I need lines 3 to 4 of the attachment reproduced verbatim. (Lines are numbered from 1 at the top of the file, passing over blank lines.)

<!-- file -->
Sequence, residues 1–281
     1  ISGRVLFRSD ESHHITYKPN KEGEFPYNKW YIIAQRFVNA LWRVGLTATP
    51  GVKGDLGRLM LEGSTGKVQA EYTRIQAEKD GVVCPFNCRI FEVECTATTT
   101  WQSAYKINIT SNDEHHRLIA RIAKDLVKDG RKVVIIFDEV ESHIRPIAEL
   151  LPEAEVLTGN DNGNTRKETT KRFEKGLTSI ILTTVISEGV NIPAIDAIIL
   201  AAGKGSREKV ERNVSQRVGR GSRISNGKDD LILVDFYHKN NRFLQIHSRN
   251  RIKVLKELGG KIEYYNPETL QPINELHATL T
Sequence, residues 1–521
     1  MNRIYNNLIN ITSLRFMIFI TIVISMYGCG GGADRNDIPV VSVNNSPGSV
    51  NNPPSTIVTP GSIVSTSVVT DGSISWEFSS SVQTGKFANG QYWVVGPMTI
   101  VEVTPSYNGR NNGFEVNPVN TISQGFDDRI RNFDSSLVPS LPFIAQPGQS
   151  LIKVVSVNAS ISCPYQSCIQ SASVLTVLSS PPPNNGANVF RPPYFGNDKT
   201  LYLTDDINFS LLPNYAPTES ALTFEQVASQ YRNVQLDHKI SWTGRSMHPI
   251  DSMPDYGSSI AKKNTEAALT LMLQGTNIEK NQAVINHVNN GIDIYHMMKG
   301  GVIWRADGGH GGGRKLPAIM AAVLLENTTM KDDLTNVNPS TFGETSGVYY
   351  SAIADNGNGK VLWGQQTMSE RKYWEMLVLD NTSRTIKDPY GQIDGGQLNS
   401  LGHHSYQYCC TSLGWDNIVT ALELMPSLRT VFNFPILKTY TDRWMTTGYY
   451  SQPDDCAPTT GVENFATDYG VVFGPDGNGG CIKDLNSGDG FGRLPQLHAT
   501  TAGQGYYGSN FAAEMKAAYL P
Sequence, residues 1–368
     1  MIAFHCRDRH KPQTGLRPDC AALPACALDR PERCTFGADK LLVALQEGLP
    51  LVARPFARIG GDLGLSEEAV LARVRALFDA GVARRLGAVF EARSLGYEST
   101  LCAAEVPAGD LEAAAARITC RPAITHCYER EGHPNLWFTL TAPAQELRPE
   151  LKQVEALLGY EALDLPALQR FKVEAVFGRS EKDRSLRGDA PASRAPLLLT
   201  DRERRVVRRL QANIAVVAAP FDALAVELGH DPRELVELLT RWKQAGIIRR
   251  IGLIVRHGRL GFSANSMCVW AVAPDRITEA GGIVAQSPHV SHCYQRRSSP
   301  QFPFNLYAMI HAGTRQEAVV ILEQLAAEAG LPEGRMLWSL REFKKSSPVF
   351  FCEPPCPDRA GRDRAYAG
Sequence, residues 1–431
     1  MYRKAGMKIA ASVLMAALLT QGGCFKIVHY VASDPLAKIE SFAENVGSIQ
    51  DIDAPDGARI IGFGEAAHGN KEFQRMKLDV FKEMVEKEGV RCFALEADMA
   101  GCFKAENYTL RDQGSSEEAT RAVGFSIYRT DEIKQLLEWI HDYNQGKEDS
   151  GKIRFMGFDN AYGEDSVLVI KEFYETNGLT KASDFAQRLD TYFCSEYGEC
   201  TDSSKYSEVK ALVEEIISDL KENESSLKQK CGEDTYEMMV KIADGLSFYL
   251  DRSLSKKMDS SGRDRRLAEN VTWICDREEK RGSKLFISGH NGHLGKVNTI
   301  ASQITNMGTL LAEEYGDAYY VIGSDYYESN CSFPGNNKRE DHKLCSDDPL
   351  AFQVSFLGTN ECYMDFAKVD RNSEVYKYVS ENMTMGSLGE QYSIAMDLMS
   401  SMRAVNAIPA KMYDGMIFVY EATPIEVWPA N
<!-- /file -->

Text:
    51  GVKGDLGRLM LEGSTGKVQA EYTRIQAEKD GVVCPFNCRI FEVECTATTT
   101  WQSAYKINIT SNDEHHRLIA RIAKDLVKDG RKVVIIFDEV ESHIRPIAEL